While Paramount Home Video's "Ghost" plans have yet to materialize -- the studio still hasn't announced how it will handle the video release of the box office monster -- the Disney Co. is laying plans to dominate the low-priced video market this spring. Walt Disney Home Video has announced a mid-March release date for "DuckTales: The Movie," with the lowest price yet for an animated feature -- $22.95. And the studio has confirmed rumors that it will capitalize on last year's successful re-release of 1967's animated classic "The Jungle Book" with a late-spring, low-priced video release patterned after Disney's similar success last spring with "The Little Mermaid."
"DuckTales: The Movie -- Treasure of the Lost Lamp" comes to tape on the Ides of March after last year's moderately unsuccessful $18 million run at the box office. That's paltry by Disney standards -- and far below the usual box office take of films that make their video debut on low-priced tapes. But where "DuckTales: The Movie" may have sunk at the multiplex, "DuckTales: The Movie" as a tape is expected to swim to video bestsellerdom on the continued strength of the syndicated animated television series on which the film is based. According to Disney, the series had an unbroken streak at the top of the syndicated children's show ratings for two full years. Moreover, the studio contends, the series' animated stars have a higher appeal -- "Q" rating -- among mothers of children in the target age group (2 to 11) than the Teenage Mutant Ninja Turtles; while "Q" ratings rank among Hollywood's most closely held secrets -- not that there are many of us who knew that ducks and turtles were even eligible -- it's tough to imagine the folks at Disney coming up with characters that would rank lower among mothers than anything that lays claim to being a teenage mutant.
Expectations are no doubt higher for "The Jungle Book," whose $44.3 million box office success last year earned it a No. 2 rank on the list of Disney animated reissues (right behind "Snow White's" $50 million, 50th anniversary re-release a few years back). Disney is keeping quiet on details for now, but the release strategy is expected to mirror the company's plan for "The Little Mermaid," which hit stores in May and easily became the best-selling tape of the first half of the year.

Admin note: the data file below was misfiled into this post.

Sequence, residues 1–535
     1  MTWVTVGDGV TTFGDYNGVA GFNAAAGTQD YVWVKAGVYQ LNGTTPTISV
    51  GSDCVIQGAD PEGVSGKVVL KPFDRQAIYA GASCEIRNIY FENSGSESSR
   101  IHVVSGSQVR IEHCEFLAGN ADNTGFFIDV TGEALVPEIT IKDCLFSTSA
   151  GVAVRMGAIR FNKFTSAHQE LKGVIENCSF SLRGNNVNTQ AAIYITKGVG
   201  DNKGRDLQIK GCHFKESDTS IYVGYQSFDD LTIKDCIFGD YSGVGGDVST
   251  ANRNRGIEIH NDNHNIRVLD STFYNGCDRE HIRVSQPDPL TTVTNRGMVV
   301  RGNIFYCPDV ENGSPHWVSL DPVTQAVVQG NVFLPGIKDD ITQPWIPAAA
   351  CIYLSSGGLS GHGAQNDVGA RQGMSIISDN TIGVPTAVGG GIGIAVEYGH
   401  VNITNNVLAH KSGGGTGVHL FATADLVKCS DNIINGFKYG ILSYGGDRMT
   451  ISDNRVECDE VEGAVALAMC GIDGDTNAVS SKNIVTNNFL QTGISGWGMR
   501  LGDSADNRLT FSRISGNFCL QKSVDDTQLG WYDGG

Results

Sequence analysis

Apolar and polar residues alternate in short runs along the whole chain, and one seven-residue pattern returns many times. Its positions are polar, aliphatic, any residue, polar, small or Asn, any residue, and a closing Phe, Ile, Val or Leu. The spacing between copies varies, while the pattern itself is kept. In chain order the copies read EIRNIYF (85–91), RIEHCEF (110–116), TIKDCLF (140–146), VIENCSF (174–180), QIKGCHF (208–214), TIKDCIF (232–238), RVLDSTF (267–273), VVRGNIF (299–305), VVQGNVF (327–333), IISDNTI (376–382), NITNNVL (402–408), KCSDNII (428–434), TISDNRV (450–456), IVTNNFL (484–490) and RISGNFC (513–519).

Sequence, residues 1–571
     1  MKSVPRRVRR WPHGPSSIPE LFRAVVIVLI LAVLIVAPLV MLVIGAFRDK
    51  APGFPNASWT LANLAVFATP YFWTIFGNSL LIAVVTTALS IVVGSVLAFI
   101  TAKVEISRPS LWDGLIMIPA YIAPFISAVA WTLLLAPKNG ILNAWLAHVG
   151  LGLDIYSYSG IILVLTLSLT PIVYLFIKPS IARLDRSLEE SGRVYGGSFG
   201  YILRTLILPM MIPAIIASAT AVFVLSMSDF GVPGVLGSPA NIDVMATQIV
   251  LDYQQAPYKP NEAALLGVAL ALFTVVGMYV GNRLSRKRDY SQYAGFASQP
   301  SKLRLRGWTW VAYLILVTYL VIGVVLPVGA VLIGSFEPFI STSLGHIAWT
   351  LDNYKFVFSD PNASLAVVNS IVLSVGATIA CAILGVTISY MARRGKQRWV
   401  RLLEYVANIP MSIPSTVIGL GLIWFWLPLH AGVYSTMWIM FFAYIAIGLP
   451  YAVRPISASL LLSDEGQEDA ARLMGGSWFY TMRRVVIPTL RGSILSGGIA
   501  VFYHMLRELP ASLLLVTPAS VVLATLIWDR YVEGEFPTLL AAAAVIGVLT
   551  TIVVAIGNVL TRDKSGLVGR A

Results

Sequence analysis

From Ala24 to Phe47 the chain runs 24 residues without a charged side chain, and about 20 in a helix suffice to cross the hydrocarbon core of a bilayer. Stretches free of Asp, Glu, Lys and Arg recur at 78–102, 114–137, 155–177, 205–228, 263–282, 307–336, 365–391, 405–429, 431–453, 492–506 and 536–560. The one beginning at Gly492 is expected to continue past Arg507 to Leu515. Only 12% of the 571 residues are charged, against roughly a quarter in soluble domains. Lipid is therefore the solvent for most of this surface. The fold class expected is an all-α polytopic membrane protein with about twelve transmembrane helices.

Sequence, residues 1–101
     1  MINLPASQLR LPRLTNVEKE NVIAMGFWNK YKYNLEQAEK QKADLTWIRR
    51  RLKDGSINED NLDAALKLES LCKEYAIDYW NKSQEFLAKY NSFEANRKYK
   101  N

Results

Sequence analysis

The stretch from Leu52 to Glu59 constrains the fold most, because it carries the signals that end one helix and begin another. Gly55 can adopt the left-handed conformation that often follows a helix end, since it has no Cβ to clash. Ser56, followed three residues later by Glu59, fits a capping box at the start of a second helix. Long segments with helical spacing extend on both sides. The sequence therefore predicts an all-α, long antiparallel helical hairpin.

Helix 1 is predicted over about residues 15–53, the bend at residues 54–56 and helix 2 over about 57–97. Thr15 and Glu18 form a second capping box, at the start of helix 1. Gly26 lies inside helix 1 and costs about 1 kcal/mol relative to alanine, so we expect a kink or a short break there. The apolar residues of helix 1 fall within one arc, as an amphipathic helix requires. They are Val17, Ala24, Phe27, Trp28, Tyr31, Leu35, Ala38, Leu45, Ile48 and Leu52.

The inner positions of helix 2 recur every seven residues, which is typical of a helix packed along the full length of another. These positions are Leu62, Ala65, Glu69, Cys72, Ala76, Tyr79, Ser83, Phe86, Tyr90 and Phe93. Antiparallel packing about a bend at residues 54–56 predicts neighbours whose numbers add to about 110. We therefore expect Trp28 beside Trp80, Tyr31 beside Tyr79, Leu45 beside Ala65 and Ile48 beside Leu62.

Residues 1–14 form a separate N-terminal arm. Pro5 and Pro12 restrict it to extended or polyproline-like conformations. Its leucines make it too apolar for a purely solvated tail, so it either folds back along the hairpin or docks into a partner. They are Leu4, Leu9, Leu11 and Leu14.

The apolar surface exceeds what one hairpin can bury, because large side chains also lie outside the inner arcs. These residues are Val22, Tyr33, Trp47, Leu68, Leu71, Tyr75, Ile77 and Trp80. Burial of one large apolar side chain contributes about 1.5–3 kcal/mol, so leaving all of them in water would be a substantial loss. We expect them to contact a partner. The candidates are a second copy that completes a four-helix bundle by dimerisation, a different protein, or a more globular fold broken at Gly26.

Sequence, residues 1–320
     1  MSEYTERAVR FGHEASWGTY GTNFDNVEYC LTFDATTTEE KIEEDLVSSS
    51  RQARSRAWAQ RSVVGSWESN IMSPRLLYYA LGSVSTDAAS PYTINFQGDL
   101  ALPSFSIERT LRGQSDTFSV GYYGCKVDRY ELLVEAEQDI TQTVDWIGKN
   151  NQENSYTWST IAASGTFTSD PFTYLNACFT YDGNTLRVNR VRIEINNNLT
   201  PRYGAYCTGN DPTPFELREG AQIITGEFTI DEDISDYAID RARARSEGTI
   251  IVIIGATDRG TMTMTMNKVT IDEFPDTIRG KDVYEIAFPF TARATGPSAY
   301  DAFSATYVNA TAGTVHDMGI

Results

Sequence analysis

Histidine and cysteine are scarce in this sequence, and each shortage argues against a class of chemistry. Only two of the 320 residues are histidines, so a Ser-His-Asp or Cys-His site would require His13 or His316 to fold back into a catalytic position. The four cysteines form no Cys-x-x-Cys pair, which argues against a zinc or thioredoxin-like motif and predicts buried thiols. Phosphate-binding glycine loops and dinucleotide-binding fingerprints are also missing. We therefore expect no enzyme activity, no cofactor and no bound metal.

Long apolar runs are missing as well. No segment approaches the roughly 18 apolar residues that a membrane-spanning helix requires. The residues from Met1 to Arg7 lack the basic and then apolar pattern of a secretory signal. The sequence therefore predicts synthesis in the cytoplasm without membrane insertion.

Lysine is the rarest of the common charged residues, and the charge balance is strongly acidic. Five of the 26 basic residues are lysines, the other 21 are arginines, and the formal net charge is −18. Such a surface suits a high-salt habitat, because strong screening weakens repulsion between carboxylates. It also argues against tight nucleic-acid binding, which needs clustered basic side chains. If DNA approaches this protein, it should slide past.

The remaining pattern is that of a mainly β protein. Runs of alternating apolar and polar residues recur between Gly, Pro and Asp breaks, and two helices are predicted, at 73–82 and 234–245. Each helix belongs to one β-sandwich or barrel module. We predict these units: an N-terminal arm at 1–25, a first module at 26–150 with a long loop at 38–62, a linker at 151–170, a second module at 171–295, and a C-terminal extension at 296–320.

If Disney promotes "The Jungle Book" throughout the Christmas season -- as it did with "The Little Mermaid" -- then the animated adventures of Mowgli and friends should become one of the top sellers of 1991.
Both Disney tapes will reach a low-priced market that is distinctly different from last year's. While the first three months of 1990 brought three major low-priced titles -- "Lethal Weapon 2," "Indiana Jones and the Last Crusade" and "Honey, I Shrunk the Kids" -- there is nothing yet in line for this winter and spring. Two of the obvious candidates -- "Dick Tracy" and "Die Hard 2" -- both ended up on the rental shelf at premium prices, and "Ghost's" video future remains cloudy in anticipation of Paramount's announcement.
Meanwhile, CBS/Fox Video's plans for the surprise blockbuster "Home Alone" are already the focus of industry speculation; but that film's Christmas theme makes it a likely autumn arrival on tape, whatever the price.
One reason video studios have not rushed to lower their prices on blockbuster releases this winter is that their top-priced tapes are working so well -- such as the $100 "Hunt for Red October" and the $93 "Dick Tracy" that broke sales records last year. Retailers worried about an across-the-board price hike, and it turns out they had good reason: One sure sign that the price increase has caught on is independent supplier Vidmark Entertainment's plan to release the failed sequel "The Return of Superfly" in March priced at $92.92. That makes Vidmark the first independent to embrace the new higher price for rental market tapes -- and makes "Superfly," which grossed $650,000 at the box office, the first film to get the high price without cracking the million-dollar mark in the theaters. Vidmark is counting on the generally warm reception that action films get at the video store, but the move probably will mean that suppliers no longer seek justification -- the price hike is here to stay.
This may not be the best time for world travel, but Turner Home Entertainment and Jacques Cousteau will soon be available to take viewers to six of the globe's more exotic locales. The latest batch of video volumes in Turner's series of Cousteau nautical voyages offers a half-dozen worry-free destinations, including: Haiti, whose overpopulation problems are revealed in "Waters of Sorrow"; the Bering Sea, where old and new worlds collide in "Twilight of the Alaskan Hunter"; Thailand and its underwater tin-mining efforts in "Convicts of the Sea"; Borneo, the planet's third-largest island, with lush "Forests Without Land"; Australia's little-explored western coastline in "Out West Down Under"; and wherever the windships' studies might take it in "Riders of the Wind." Each 48-minute volume of the Cousteau library is priced at $19.98.